News & Updates

Diocese Says Sale of Sheehan Residence Will Benefit Retired Priests

By March 5, 2019 No Comments

Originally Posted in The Buffalo News
February 7, 2019
By Jonathan D. Epstein

The Catholic Diocese of Buffalo has sold the former Sheehan Residence for retired priests for $1.3 million.

Mingo Junction Steel Works, a partnership affiliated with Frontier Group of Cos., on Thursday morning acquired the historic mansion at the corner of Linwood Avenue and West Utica Street.

Bishop Richard J. Malone said last March that the diocese will sell the longtime bishop’s residence at 77 Oakland Place to help pay for its program to compensate childhood victims of clergy sex abuse. The diocese said in a news release Thursday afternoon that proceeds from the Sheehan Residence sale will go to the Retired Diocesan Priests’ Medical Benefits Fund.

Together, the two properties could fetch $2.5 million to $3 million for the diocese.

Plans call for converting the three-story brick building — which was originally constructed in 1928 — into 10 to 12 market-rate apartments, with luxury finishes, said Craig Slater, an environmental and land-use attorney, who is a partner in the investment group. The building now features 12 suite-style units, so the conversion is relatively easy, with an expected cost of about $1 million, Slater said.

“It’s just gorgeous, and it’s built like a bomb shelter,” Slater said. “It’s stunningly beautiful, in a gorgeous part of the city.”

Slater said the group has “been discussing potential commercial” space in the building, but “it’s more likely it’s going to be residential.”

The bishop’s residence — a Tudor manor house that was designed by architect E. B. Green and built in 1900 — has nine bedrooms and six bathrooms on two and a half floors, with 11,050 square feet of space. It features four massive stone chimneys, a slate roof and a separate apartment above the five-car garage.

The diocese bought the 1-acre property in December 1952 for $50,000, and at one time it was the most valuable home in the entire city, on a prestigious street. Officials long maintained that having the Oakland Place home saved the diocese the expense of renting hotel, restaurant or conference room space for many events and visits. But it’s also been the target of complaints that such a palatial home was unnecessary and inappropriate, so news of the sale was welcomed last year.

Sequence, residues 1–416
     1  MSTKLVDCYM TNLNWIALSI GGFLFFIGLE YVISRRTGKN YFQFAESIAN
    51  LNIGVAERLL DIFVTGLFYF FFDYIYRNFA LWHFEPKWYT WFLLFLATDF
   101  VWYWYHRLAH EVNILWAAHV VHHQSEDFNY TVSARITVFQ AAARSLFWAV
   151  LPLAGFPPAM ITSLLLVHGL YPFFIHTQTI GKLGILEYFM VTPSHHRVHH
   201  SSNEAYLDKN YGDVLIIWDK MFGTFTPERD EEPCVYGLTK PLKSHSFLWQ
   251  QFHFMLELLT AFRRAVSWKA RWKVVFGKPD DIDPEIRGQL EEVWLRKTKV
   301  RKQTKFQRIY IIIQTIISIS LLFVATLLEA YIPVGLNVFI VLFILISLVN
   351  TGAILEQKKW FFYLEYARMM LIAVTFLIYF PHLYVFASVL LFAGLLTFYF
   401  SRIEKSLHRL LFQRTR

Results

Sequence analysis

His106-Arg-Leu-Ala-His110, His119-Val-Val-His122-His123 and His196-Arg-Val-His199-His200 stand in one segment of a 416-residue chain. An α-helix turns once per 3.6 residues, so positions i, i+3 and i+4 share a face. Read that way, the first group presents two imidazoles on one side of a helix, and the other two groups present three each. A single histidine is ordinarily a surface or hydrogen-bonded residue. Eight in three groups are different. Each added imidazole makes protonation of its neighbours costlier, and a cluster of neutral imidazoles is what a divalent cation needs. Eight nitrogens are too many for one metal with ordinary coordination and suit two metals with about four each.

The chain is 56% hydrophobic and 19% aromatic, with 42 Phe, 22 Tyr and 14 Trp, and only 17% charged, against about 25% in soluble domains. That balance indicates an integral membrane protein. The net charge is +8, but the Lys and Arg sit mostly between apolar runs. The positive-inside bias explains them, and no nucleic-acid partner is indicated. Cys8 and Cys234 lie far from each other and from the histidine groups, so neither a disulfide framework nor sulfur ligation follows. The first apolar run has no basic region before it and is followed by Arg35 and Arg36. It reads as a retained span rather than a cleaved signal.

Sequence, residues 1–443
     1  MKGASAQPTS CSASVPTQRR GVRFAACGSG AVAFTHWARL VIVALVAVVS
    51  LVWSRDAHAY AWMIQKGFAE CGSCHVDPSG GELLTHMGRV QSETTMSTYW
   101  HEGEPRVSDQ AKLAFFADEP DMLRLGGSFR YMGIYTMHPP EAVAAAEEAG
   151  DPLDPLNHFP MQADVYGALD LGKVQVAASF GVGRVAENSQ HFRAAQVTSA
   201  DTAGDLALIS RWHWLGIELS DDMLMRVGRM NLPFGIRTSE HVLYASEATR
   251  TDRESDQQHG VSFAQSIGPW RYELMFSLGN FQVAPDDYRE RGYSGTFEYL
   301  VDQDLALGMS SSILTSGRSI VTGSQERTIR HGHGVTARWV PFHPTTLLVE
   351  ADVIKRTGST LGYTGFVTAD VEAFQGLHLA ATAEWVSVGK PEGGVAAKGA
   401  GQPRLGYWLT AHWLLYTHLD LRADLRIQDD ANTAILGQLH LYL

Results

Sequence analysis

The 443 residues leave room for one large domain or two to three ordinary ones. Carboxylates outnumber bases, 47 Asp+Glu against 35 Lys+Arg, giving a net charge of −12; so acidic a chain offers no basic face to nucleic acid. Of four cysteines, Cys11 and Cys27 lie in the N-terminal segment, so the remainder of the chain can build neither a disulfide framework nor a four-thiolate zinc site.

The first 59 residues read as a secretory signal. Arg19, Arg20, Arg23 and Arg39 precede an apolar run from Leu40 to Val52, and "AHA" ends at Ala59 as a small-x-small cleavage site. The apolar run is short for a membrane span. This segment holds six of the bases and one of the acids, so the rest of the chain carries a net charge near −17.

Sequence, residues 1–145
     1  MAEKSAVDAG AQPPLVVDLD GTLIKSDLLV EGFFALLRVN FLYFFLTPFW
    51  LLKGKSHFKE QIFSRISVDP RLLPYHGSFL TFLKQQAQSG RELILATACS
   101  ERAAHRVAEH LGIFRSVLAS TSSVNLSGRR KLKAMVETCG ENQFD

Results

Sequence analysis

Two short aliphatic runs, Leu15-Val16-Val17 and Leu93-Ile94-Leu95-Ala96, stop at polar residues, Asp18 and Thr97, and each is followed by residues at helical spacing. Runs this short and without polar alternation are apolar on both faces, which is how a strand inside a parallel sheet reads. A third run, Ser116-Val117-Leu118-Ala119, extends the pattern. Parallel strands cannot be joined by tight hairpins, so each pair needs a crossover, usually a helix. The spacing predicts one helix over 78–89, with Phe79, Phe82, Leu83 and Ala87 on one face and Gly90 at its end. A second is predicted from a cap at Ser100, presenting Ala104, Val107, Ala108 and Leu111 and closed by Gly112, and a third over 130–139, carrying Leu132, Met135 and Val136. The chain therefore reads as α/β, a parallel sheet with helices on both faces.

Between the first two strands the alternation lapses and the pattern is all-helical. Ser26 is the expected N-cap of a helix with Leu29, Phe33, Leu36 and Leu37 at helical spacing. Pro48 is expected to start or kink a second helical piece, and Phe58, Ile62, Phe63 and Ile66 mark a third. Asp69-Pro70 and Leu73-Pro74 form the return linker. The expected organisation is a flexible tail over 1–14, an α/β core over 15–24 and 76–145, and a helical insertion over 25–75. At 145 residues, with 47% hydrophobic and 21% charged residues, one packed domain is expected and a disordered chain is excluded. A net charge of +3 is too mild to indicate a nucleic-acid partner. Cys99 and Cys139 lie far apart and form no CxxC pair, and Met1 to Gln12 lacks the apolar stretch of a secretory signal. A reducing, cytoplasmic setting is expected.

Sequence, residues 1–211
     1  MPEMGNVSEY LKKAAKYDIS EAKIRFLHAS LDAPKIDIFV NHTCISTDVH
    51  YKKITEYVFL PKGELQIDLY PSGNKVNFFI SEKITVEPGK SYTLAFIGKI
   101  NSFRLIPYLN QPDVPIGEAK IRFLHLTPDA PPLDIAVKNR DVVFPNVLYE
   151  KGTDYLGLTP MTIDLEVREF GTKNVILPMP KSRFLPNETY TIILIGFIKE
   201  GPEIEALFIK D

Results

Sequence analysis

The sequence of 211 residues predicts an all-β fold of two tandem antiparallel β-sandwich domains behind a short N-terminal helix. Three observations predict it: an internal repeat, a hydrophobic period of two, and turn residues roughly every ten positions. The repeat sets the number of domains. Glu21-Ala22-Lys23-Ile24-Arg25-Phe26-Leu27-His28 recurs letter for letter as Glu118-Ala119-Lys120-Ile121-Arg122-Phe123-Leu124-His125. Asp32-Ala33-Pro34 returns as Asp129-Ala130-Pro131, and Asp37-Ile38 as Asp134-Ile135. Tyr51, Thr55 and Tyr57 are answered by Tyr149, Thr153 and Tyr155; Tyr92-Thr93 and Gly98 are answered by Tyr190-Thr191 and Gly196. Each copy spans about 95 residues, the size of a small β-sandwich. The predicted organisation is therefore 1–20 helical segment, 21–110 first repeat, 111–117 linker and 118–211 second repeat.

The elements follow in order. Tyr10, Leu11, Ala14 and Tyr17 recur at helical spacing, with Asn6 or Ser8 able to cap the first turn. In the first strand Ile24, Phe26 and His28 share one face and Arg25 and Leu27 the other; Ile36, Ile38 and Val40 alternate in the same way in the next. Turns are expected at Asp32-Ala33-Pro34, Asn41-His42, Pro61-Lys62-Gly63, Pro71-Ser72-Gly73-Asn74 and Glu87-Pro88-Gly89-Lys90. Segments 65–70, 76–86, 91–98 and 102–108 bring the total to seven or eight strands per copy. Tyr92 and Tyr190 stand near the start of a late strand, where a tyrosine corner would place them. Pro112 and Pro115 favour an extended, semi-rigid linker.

Malone moved out of the mansion in November, relocating to the former St. Stanislaus Parish convent house on Buffalo’s East Side, while three other diocesan residences will be used for retired priests.

The mansion, which is now under contract to be purchased by an unidentified local buyer, is assessed at $1.3 million with a full market value estimate of $1.91 million. The sale was handled outside the traditional multiple listing service used by real estate agents, and officials have not divulged the price or any other information.

Located at 336 Linwood, the Sheehan Residence was originally built as the rectory for what was then St. Joseph Cathedral on Delaware Avenue. The “New Cathedral,” as it was known, was demolished in the 1970s and the former rectory has been used ever since as a residence for retired priests. It is a 17,376-square-foot building with 10-foot ceilings, a full basement and a detached garage.

The Sheehan Residence is assessed at $490,000 but is fully valued at $720,588.

Besides Slater, the other investors in the purchase are brothers David and Dennis Franjoine and Robert Zuchlewski, who are also the three top executives in Buffalo-based Frontier, an environmental, construction, demolition and development company. The group bought the mansion as part of a tax-free real estate exchange to use the proceeds from selling a steel plant in Mingo Junction, Ohio.

“We’re just very excited,” Slater said. “It only took one walk-through to fall in love with the building and the location.”

The new owners hired an architect three weeks ago — Daryl Martin of Orchard Park — but are still finalizing plans for the renovation, which will likely use historic tax credits, Slater said. They plan to fix up the parking lot, but “don’t plan on changing any of the exterior,” he added.

Slater said the group hopes to submit initial plans and applications to the city for approval within the next three to four months, and would like to “be on the market and complete” by the first quarter of 2020.

“I suspect that will be delayed,” he said, acknowledging that “we would like to complete a lot faster than the process would allow.”

Staff reporter Jay Tokasz contributed to this report.